Prosecutors today questioned Issa Hassan Sesay about allegations that Charles Taylor promoted a fellow Sierra Leonean rebel commander to the rank of Two Star General in late 1998, a time when the Sierra Leonean rebels were actively pursuing the conflict in Sierra Leone. Mr. Sesay insisted that it was not Mr. Taylor who issued the promotion to the Sierra Leonean rebel commander.
Prosecutors allege that when Revolutionary United Front (RUF) leader Foday Sankoh was incarcerated by the government of Sierra Leone, Mr. Taylor had full control over the RUF and that the rebel group’s commanders took all orders from the former Liberian president. According to several prosecution witnesses, sometime in 1998, RUF commander Sam Bockarie returned from Liberia and informed them that Mr. Taylor had promoted him to the rank of General in the RUF. Prosecutors say this points at Mr. Taylor’s control over the Sierra Leonean rebel group.
Mr. Taylor has dismissed these allegations as false. Mr. Sesay has told the court that Mr. Bockarie was promoted by Johnny Paul Koroma, then former leader of the Armed Forces Revolutionary Council (AFRC), a group of Sierra Leonean soldiers who overthrew the elected government of Sierra Leone in 1997 and teamed up with the RUF to establish a government. The joint AFRC/RUF junta regime was forcefully removed from power by Economic Community of West African States (ECOMOG) peacekeepers in 1998.
Today, prosecution counsel Nicholas Koumjian in cross-examining Mr. Sesay showed him individual pictures of Mr. Bockarie, Mr. Taylor’s former vice president Moses Blah, and the former Director of Special Security Services Benjamin Yeaten who, according to Mr. Koumjian, all displayed their stars indicating their military ranks in the same fashion. In the picture, all three persons were wearing “red berets” with the stars indicating their positions as Generals on the front of their berets.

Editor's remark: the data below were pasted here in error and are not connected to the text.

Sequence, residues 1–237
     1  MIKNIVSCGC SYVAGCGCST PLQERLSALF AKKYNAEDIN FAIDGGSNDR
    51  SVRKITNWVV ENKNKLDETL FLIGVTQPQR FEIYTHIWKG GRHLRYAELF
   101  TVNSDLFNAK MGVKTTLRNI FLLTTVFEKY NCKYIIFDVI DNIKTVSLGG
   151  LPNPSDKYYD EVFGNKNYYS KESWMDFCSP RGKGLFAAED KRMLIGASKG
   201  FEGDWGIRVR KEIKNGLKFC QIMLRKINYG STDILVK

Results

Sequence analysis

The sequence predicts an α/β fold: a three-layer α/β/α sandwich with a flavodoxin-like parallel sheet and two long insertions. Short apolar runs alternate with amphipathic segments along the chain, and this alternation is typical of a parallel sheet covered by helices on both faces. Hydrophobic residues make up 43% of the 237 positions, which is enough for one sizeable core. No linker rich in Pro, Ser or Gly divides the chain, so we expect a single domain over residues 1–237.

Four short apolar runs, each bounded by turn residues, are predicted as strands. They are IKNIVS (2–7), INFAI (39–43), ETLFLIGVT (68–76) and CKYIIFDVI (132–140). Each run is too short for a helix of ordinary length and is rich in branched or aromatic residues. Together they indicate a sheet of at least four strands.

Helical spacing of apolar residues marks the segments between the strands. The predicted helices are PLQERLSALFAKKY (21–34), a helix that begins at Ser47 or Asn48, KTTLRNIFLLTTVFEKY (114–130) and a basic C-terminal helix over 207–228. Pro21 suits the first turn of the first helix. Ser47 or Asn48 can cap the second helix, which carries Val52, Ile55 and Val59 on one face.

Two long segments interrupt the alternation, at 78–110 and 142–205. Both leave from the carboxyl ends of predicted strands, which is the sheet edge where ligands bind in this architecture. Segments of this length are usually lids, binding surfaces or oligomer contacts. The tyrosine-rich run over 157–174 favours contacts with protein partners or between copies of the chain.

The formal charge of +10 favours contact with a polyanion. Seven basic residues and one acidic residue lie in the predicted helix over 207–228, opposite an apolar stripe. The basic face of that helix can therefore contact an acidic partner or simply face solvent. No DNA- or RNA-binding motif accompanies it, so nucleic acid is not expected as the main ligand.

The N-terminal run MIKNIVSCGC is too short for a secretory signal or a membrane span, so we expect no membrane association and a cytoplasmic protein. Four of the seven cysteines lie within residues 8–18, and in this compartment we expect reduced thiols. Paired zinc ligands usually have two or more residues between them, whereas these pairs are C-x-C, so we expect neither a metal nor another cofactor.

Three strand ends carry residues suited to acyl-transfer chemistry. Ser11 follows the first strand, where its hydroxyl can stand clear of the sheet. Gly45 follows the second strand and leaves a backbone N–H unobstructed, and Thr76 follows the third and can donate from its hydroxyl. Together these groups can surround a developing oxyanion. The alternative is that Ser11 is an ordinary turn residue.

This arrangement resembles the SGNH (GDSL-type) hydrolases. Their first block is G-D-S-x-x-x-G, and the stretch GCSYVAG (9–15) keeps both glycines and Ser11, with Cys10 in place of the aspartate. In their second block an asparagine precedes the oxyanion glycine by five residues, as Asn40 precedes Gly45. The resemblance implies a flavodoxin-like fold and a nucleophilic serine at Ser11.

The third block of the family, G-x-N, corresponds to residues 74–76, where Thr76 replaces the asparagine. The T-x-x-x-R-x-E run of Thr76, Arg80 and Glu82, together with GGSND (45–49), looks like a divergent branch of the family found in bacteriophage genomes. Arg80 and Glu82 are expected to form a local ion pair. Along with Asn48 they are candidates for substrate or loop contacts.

“The red berets are identical that Sam Bockarie, Benjamin Yeaten, and Moses Blah are wearing, correct?” Mr. Koumjian asked Mr. Sesay.
“Yes, I see them, but we too had red berets.” Mr. Sesay responded.
When the prosecution noted that “[i]t’s the same uniform, the same type of khaki uniform that Sam Bockarie has with the Liberians,” Mr. Sesay explained that “this is a US camouflage that the Nigerians used to wear, we used to capture them.”
“When we joined the AFRC, [Corporal] Gborie used to supply those red berets to the RUF. Even when we fought ECOMOG, we used to capture these camouflage, we captured lots of red berets,” he added.
Mr. Koumjian pointed out that the difference between the Sierra Leone Army (SLA) and Mr. Taylor’s forces was that in Sierra Leone, the soldiers displayed their stars on their military uniforms while Mr. Taylor’s forces displayed theirs on their berets, as done by Mr. Yeaten and Mr. Blah. Mr. Sesay agreed with Mr. Koumjian on this.
“It’s correct, isn’t it, that the Sierra Leone Army would not wear stars on the beret?” Mr. Koumjian asked again.